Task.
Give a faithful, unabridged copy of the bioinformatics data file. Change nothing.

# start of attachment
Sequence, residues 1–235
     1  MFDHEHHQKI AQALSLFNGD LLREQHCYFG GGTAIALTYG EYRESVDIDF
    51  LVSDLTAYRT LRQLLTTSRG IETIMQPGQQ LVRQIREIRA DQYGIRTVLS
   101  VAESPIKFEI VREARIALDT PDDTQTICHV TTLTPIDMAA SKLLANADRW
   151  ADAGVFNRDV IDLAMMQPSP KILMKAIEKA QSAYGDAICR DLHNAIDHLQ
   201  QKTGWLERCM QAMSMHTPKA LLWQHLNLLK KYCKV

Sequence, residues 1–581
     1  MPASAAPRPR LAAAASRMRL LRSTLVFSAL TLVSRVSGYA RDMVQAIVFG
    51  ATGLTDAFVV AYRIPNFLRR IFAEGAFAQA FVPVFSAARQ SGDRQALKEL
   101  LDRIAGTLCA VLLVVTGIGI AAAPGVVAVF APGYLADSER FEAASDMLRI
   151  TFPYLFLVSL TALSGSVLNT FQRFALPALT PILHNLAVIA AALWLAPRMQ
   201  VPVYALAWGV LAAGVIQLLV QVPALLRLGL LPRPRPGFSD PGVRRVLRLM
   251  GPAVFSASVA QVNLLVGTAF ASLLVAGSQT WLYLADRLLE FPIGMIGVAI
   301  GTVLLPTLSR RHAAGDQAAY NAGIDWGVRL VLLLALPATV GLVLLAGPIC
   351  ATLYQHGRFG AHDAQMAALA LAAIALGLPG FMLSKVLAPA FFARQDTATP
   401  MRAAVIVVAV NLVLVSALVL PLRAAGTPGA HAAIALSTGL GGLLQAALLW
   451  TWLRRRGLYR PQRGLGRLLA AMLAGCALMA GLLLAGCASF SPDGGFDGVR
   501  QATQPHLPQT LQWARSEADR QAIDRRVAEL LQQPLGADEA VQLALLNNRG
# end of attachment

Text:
Sequence, residues 1–235
     1  MFDHEHHQKI AQALSLFNGD LLREQHCYFG GGTAIALTYG EYRESVDIDF
    51  LVSDLTAYRT LRQLLTTSRG IETIMQPGQQ LVRQIREIRA DQYGIRTVLS
   101  VAESPIKFEI VREARIALDT PDDTQTICHV TTLTPIDMAA SKLLANADRW
   151  ADAGVFNRDV IDLAMMQPSP KILMKAIEKA QSAYGDAICR DLHNAIDHLQ
   201  QKTGWLERCM QAMSMHTPKA LLWQHLNLLK KYCKV

Sequence, residues 1–581
     1  MPASAAPRPR LAAAASRMRL LRSTLVFSAL TLVSRVSGYA RDMVQAIVFG
    51  ATGLTDAFVV AYRIPNFLRR IFAEGAFAQA FVPVFSAARQ SGDRQALKEL
   101  LDRIAGTLCA VLLVVTGIGI AAAPGVVAVF APGYLADSER FEAASDMLRI
   151  TFPYLFLVSL TALSGSVLNT FQRFALPALT PILHNLAVIA AALWLAPRMQ
   201  VPVYALAWGV LAAGVIQLLV QVPALLRLGL LPRPRPGFSD PGVRRVLRLM
   251  GPAVFSASVA QVNLLVGTAF ASLLVAGSQT WLYLADRLLE FPIGMIGVAI
   301  GTVLLPTLSR RHAAGDQAAY NAGIDWGVRL VLLLALPATV GLVLLAGPIC
   351  ATLYQHGRFG AHDAQMAALA LAAIALGLPG FMLSKVLAPA FFARQDTATP
   401  MRAAVIVVAV NLVLVSALVL PLRAAGTPGA HAAIALSTGL GGLLQAALLW
   451  TWLRRRGLYR PQRGLGRLLA AMLAGCALMA GLLLAGCASF SPDGGFDGVR
   501  QATQPHLPQT LQWARSEADR QAIDRRVAEL LQQPLGADEA VQLALLNNRG